Trump's Executive Order on Price Transparency: Instant Reaction

Many experts applaud transparency efforts while taking wait-and-see approach on price impacts
Secretary of Health and Human Services Alex Azar listens to President Donald Trump during a Roosevelt Room event at the White House on May 9, 2019. (Alex Wong/Getty Images)
June 24, 2019 at 4:26 pm UTC

President Donald Trump signed an executive order Monday calling for federal regulations to broaden price transparency in the health care industry, a move that Health and Human Services Secretary Alex Azar declared “will go down as one of the most significant steps in the long history of American health care reform.”

Per the order, HHS must issue new rules requiring hospitals to disclose prices negotiated with health plans and mandating providers and insurers to inform patients of their out-of-pocket costs before receiving care.

Though health policy experts uniformly support the spirit of price transparency, on this order, many expect the devil will be in the details, as the agency now embarks on a rulemaking process during which it will take comments from stakeholders.

Morning Consult asked health experts and analysts for their opinions on the executive order. Here are their thoughts:

Niall Brennan, President and CEO of the Health Care Cost Institute

“It strikes me as, fundamentally, somewhat inefficient to require 4,000 individual hospitals to disclose their rates with dozens of payers, when you could instead require a much smaller number of payers to disclose their rates with hospitals -- or perhaps even outsource all of this transparency-type work to a non-governmental agency, who would collect the data and make it transparent,” Brennan said. “I worry that asking hospitals to disclose this information, which is really a part of their current operations, is just going to add even more administrative burden to a health care system that's already pretty administratively burdened.”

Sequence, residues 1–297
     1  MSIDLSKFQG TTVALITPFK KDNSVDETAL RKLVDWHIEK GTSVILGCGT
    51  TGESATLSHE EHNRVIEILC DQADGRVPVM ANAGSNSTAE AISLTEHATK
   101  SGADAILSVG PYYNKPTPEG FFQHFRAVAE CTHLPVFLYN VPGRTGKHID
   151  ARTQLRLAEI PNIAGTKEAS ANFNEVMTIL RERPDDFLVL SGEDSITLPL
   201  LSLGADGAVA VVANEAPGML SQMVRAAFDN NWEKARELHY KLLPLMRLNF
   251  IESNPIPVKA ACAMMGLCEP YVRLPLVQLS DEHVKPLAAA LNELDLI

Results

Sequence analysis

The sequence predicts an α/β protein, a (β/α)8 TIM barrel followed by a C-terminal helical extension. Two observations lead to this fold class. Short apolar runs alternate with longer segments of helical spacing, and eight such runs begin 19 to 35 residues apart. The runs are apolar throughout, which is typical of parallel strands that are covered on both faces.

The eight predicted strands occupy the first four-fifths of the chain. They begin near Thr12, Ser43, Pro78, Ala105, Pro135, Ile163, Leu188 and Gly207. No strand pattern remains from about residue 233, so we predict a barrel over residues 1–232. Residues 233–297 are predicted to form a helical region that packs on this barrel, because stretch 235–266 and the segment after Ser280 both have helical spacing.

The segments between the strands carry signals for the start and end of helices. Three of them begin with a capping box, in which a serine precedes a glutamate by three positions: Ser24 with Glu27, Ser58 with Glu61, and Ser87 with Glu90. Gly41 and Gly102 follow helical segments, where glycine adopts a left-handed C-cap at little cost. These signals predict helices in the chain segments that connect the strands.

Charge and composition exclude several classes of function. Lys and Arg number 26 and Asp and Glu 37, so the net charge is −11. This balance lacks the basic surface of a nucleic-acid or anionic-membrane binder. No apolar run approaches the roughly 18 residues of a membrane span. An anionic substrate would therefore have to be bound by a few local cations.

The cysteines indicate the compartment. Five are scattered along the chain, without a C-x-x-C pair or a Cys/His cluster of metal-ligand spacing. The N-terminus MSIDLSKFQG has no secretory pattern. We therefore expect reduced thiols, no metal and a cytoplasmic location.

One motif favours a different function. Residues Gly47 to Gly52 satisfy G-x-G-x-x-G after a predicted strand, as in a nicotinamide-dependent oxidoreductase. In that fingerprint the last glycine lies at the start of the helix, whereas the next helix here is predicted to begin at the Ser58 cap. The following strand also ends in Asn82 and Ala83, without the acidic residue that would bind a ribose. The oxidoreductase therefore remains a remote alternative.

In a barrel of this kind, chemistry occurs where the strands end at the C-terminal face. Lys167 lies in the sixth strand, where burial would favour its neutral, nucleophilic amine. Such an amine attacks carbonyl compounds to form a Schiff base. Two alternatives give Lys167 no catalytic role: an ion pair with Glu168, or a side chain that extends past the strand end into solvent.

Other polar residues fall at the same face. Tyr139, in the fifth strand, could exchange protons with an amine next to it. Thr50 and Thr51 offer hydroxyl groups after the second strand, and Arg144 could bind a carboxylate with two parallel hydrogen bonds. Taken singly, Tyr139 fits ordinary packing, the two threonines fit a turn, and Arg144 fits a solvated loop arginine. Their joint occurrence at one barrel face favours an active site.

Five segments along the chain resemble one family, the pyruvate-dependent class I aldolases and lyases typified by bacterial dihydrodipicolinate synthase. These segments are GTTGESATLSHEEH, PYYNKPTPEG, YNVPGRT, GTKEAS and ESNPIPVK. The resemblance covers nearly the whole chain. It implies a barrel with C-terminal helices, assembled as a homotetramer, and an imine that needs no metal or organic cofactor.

Brennan, a former chief data officer at the Centers for Medicare and Medicaid Services, said that rulemaking takes a long time, and he would be “surprised if we saw anything final on this topic earlier than next summer, and even that would be hugely ambitious.”

The rules are likely to shift prices, Brennan said, but the direction of the movement remains in question: There may be some downward pressure on those who charge the most, but there may be some upward pressure as other providers realize they’ve been getting lower rates than they could.

John Desser, Senior Vice President of Public Policy and Government Affairs at eHealth Inc. and former HHS official

“Any effort to bring more visibility and data to the consumer on health care costs is a step in the right direction,” Desser said. “Health care is just far too opaque, and so anything we can do to address that is a step in the right direction -- but there will be some controversy. There will be entrenched interests that will try to oppose it.”

From Desser’s perspective, this is “step two” of a process by which “the administration is trying to figure out what authorities they have, from a regulatory standpoint, to move into health and the health care market, and the direction they would like to see it go.”

“You can't really have consumerism in health care if people don't know what things cost -- if they can’t for themselves evaluate value, if they don't have data to make price and quality comparison. That’s what it feels like the administration is trying to do in this executive order: put forward a series of actions that tries to inject more consumerism into the health care markets.”

Wendy Netter Epstein, Faculty Director of DePaul's Jaharis Health Law Institute